Indian Covid Crisis What can the diaspora do?

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Professor Indranil Chakravorty PhD FRCP
Subarna Chakravorty MBBS MRCPCH PhD FRCPath FRCP


India is going through its second surge of COVID-19 pandemic caught off-guard, after it declared rather publicly that India had vanquished the enemy in September 2020. In the last 2 weeks of April 2021, India has beaten several world records for new cases and deaths by official estimates. The real numbers are likely to much higher as the testing and reporting infrastructure remains in shambles. The triple whammy of mass gatherings, lack of administrative and infrastructure preparedness and low vaccination is probably to blame.

The humanitarian catastrophe that is played out so visually in heart-wrenching stories across the interconnected digital world is of scrambling for oxygen, scarcity of hospital beds, lack of medication and the incessant burying or cremating of the dead. The desperation in the eyes of the people as they queue outside of locked hospital gates, the oxygen cylinders supplying minutes of life to patients in cars or auto-rickshaws as they wait is heartbreaking. For members of the Indian diaspora, these pictures hurt deep and one is bound to feel helpless.

Yet through all this, there is hope. The Gurudwara’s with their oxygen langars, the elderly vacating beds for the younger and often sicker patients, the journalists who are using every social media access to request essential oxygen and drugs, the volunteers who ferry, bury and burn the abandoned dead are testimony of the good that exists in humanity. The world is rising to the call of India including efforts by the Indian diaspora. There are lessons to be learnt but first, let us help and heal.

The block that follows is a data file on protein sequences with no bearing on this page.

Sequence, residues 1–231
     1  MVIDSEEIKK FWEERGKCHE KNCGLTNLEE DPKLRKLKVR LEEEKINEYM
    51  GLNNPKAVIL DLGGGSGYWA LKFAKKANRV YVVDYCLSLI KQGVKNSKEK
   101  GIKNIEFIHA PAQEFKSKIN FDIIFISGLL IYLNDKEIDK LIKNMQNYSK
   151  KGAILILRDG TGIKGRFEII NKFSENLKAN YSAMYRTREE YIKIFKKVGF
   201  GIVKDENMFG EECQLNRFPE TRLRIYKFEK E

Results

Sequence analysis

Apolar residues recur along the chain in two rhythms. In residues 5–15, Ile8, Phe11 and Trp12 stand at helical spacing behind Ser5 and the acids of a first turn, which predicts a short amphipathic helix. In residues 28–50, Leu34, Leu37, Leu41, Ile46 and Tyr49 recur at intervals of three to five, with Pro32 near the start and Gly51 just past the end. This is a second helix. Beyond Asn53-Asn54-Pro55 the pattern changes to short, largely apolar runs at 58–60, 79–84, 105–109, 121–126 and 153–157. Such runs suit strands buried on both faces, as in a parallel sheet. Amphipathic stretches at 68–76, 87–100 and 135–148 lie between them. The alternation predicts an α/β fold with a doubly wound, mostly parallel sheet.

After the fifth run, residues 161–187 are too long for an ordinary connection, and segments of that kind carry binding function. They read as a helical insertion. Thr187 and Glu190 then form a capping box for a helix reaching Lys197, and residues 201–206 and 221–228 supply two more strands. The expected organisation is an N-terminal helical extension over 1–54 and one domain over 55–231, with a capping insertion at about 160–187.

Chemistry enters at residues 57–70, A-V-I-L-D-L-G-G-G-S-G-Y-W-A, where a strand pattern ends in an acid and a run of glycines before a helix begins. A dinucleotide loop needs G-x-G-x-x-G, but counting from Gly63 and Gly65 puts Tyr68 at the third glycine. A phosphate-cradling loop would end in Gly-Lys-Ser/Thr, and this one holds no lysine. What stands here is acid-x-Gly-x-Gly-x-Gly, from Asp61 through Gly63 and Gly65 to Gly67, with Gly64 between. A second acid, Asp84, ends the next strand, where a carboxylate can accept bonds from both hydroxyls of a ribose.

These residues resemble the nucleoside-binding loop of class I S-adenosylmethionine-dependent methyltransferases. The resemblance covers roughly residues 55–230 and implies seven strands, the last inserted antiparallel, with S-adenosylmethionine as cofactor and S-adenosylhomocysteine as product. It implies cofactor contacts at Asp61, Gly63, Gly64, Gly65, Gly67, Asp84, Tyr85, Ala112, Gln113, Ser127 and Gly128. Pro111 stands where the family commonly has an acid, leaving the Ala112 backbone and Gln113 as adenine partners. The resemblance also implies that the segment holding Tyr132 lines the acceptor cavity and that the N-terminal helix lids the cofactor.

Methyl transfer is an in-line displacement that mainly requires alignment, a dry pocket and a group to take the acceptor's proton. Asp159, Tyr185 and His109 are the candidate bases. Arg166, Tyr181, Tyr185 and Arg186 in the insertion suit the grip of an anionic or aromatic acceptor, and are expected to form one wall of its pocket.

Article Details

How to Cite
Chakravorty, I., & Chakravorty, S. (2021). Indian Covid Crisis: What can the diaspora do?. Sushruta Journal of Health Policy & Opinion, 14(2), 1-8.
Author Biographies

Professor Indranil Chakravorty PhD FRCP, University of Hertfordshire, UK

Honorary Professor, Faculty of Life and Medical Sciences


Subarna Chakravorty MBBS MRCPCH PhD FRCPath FRCP, Kings College Hospital, London, UK

Consultant in Paediatric Haematology


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